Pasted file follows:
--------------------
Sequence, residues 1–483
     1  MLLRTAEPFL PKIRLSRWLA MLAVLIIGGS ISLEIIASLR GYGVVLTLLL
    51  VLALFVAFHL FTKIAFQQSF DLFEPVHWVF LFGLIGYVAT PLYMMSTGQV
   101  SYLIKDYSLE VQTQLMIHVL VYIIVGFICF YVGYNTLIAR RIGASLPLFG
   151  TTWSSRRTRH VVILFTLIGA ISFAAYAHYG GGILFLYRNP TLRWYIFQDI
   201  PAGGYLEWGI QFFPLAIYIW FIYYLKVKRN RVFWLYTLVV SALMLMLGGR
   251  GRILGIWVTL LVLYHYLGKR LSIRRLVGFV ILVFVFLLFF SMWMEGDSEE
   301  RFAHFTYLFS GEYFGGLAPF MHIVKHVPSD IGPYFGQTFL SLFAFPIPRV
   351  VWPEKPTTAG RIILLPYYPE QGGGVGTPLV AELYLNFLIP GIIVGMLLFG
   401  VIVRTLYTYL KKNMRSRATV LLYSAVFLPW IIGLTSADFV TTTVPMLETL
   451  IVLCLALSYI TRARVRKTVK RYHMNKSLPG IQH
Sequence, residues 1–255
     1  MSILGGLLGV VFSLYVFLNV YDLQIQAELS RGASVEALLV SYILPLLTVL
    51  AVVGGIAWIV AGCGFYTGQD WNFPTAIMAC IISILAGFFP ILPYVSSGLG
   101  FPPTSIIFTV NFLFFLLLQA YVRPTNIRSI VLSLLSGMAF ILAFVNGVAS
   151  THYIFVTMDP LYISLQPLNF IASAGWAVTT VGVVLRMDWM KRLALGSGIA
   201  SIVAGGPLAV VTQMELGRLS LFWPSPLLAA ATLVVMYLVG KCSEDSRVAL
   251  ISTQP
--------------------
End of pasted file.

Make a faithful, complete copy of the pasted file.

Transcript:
Sequence, residues 1–483
     1  MLLRTAEPFL PKIRLSRWLA MLAVLIIGGS ISLEIIASLR GYGVVLTLLL
    51  VLALFVAFHL FTKIAFQQSF DLFEPVHWVF LFGLIGYVAT PLYMMSTGQV
   101  SYLIKDYSLE VQTQLMIHVL VYIIVGFICF YVGYNTLIAR RIGASLPLFG
   151  TTWSSRRTRH VVILFTLIGA ISFAAYAHYG GGILFLYRNP TLRWYIFQDI
   201  PAGGYLEWGI QFFPLAIYIW FIYYLKVKRN RVFWLYTLVV SALMLMLGGR
   251  GRILGIWVTL LVLYHYLGKR LSIRRLVGFV ILVFVFLLFF SMWMEGDSEE
   301  RFAHFTYLFS GEYFGGLAPF MHIVKHVPSD IGPYFGQTFL SLFAFPIPRV
   351  VWPEKPTTAG RIILLPYYPE QGGGVGTPLV AELYLNFLIP GIIVGMLLFG
   401  VIVRTLYTYL KKNMRSRATV LLYSAVFLPW IIGLTSADFV TTTVPMLETL
   451  IVLCLALSYI TRARVRKTVK RYHMNKSLPG IQH
Sequence, residues 1–255
     1  MSILGGLLGV VFSLYVFLNV YDLQIQAELS RGASVEALLV SYILPLLTVL
    51  AVVGGIAWIV AGCGFYTGQD WNFPTAIMAC IISILAGFFP ILPYVSSGLG
   101  FPPTSIIFTV NFLFFLLLQA YVRPTNIRSI VLSLLSGMAF ILAFVNGVAS
   151  THYIFVTMDP LYISLQPLNF IASAGWAVTT VGVVLRMDWM KRLALGSGIA
   201  SIVAGGPLAV VTQMELGRLS LFWPSPLLAA ATLVVMYLVG KCSEDSRVAL
   251  ISTQP